# Graphx Graph Traversal with Pregel Explained

## Breadth First Graph Traversal with Graphx using Pregel

To demonstrate Graph Traversal using Pregel from Graphx, construct the graph first, called graph:

Create a new graph called markedGraph by transforming original graph:

#### Thought Process:

markedGraph is the same as original graph except vertex attributes other than the VertexId=1 is Infinity. Vertex attribute for VertexId=1 is 0.0.

We will visit all vertices as long as vertex attributes are Infinity. During visit, set the visited Vertex attribute to non Infinity.

We will not visit vertices where vertex attributes are not Infinity.

When each vertex attribute is no longer Infinity in the end, visit (traverse) ends, thus complete the graph traversal.

Then print all vertex id out after traversal ends where no more vertex attributes is Infinity.

#### Implementation of Pregel:

Calling < graph >.pregel will return a new graph. We will use Pregel to traverse markedGraph that has starting vertex (1, 0.0), rest of vertices are (VertexId, Double.Infinity).

Internally, pregel will run in loop, each step of the loop is called SuperStep. During each SuperStep, the vertex where its vertex attribute not Double.Infinity will send its vertex attribute to connected neighboring vertices whose vertex attribites are Double.Infinity. The receiving vertices whose vertex attributes will be set to the smallest value of messages (if it receives more than one messages from different connected beighboring sending vertices), overwriting its original vertex value of Double.Infinity.

Vertices whose vertex attributes are Double.Infinity do not send message, just stay put.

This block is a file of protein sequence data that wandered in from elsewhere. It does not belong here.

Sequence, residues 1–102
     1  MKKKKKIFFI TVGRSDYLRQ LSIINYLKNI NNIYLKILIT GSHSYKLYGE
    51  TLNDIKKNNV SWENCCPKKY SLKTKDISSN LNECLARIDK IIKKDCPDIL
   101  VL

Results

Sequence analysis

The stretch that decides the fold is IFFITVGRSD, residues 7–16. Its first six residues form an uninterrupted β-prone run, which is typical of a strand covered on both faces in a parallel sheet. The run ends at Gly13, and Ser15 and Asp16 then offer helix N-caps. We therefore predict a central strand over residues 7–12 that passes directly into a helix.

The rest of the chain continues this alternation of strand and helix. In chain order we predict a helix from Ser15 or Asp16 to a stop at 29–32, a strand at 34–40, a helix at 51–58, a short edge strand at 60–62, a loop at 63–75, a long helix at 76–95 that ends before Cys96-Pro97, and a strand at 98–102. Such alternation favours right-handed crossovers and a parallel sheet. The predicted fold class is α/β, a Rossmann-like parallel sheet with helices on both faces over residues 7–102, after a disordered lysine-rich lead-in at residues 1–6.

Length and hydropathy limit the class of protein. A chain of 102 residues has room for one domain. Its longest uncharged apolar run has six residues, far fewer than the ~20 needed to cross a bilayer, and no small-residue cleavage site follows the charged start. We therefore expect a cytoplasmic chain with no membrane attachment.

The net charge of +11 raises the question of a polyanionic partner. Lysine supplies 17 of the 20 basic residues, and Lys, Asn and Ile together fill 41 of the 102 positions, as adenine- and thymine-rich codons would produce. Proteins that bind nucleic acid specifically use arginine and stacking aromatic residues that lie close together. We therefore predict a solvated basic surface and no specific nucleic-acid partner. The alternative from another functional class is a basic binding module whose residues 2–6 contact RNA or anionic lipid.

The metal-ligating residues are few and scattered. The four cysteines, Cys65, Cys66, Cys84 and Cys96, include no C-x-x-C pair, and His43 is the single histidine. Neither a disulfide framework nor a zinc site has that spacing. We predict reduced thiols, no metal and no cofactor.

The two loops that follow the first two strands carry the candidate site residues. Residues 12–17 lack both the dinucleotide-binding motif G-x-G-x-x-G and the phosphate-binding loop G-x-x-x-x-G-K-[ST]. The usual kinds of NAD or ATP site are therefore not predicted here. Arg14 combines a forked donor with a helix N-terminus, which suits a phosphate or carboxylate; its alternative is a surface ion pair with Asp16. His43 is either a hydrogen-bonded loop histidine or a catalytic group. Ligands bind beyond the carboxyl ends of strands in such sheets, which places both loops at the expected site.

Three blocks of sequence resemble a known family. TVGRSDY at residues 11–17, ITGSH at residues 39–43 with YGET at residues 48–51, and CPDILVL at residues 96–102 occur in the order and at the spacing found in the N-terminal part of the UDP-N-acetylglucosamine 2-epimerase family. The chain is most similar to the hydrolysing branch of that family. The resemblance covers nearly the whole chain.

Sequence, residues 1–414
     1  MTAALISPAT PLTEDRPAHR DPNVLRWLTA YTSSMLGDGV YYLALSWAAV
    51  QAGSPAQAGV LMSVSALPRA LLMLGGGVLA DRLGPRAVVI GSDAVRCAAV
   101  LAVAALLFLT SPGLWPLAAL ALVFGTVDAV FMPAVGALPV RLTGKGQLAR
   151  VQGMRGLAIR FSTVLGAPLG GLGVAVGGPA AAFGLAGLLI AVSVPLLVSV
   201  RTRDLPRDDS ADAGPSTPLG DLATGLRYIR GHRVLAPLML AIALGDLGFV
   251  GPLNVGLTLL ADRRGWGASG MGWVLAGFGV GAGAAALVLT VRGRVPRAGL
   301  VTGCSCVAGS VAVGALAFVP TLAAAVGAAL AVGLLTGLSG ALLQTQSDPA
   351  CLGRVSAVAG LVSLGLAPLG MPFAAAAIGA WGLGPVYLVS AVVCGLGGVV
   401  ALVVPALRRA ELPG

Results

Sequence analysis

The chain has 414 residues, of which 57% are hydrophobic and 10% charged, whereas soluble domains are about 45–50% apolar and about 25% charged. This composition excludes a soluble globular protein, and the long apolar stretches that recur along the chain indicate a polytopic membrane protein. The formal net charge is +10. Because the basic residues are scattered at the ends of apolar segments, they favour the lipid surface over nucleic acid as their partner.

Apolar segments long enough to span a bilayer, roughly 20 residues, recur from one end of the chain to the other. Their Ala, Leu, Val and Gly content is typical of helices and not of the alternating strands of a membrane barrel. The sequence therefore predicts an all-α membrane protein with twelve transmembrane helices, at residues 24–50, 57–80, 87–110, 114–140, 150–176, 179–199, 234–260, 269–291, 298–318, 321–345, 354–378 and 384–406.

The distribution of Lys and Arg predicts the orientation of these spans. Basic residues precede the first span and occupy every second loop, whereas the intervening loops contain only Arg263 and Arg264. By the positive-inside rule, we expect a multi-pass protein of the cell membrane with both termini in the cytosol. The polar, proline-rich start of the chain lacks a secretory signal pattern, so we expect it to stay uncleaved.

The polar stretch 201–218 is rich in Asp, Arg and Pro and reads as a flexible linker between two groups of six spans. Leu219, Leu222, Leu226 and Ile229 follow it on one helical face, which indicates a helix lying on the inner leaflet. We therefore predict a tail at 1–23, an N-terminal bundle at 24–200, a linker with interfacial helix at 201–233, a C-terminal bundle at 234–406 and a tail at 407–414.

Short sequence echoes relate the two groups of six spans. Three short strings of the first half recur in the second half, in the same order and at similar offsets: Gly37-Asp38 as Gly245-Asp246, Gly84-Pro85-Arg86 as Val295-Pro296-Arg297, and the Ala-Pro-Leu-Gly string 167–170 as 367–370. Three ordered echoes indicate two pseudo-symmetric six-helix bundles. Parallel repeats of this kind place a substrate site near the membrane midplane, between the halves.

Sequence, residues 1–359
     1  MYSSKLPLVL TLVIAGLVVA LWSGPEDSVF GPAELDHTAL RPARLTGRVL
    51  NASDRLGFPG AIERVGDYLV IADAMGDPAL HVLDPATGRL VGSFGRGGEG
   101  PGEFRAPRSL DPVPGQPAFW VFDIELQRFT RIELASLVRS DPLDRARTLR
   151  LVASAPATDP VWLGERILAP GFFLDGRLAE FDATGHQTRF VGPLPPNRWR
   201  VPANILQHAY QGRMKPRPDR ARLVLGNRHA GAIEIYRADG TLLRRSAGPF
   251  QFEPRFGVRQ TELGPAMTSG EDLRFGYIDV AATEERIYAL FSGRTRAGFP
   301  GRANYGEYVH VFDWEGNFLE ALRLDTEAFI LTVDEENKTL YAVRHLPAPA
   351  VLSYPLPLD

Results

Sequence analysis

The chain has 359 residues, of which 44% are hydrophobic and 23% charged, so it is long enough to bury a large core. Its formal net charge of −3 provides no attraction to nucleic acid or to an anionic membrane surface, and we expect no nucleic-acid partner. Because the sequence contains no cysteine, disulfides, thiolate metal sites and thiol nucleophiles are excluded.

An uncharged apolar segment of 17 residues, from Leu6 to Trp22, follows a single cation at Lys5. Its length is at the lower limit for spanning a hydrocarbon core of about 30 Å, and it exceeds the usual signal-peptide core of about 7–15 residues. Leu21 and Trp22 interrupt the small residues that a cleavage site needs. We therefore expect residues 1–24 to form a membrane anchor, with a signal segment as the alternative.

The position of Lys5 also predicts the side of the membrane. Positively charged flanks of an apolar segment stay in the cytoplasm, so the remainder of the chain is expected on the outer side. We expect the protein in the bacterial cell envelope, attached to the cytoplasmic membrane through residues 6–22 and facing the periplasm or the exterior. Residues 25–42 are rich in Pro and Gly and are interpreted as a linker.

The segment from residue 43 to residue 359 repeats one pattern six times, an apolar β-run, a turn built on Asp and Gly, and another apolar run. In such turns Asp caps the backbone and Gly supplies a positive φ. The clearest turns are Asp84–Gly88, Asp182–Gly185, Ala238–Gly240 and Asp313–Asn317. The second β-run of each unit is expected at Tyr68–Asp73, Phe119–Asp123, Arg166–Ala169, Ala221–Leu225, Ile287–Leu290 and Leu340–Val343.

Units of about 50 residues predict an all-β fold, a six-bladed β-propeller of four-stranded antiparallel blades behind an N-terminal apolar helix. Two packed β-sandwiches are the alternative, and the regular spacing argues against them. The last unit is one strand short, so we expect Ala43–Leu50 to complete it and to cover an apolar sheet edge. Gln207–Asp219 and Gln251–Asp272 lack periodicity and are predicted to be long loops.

Also, vertices do not send messages to connected neighboring vertices whose vertex attributes are NOT Double.Infinity, also stay put.

Loop or iteration will end when all vertices whose vertex attributes are NOT Double.Infinity. Hence, traverse completes.

#### How Pregel works

Pregel method take 2 argument lists

pregel(< argument list 1 >)(< argument list 2 >)

argument list 1 is a list of value arguments, argument list 1 is to set initial value

argument list 2 is a list of functional arguments, which is an example of Scala higher order function, meaning each function argument is free to have its own execution algorithm, its own logic.

In this example

first argument list is

(Double.PositiveInfinity, 20)

It defines:

Initial message is Double.PositiveInfinity. The initial message is to start the computation. This message is passed to all the vertices in the vertexRDD to do the 1st iteration. Including the starting vertex whose vertex attribute is 0.0, but Double.PositiveInfinity is greater than 0.0, therefore, it will not replace vertex attribute that is not greater than the message which is Double.PositiveInfinity.

Maximum iteration 20, loop will end after 20 SuperSteps. In this example, 20 will be sufficient as a mechanism to break endless loop if it happens.

second argument list is

(vprog, sendMessage, mergeMessage)

that contains 3 function arguments: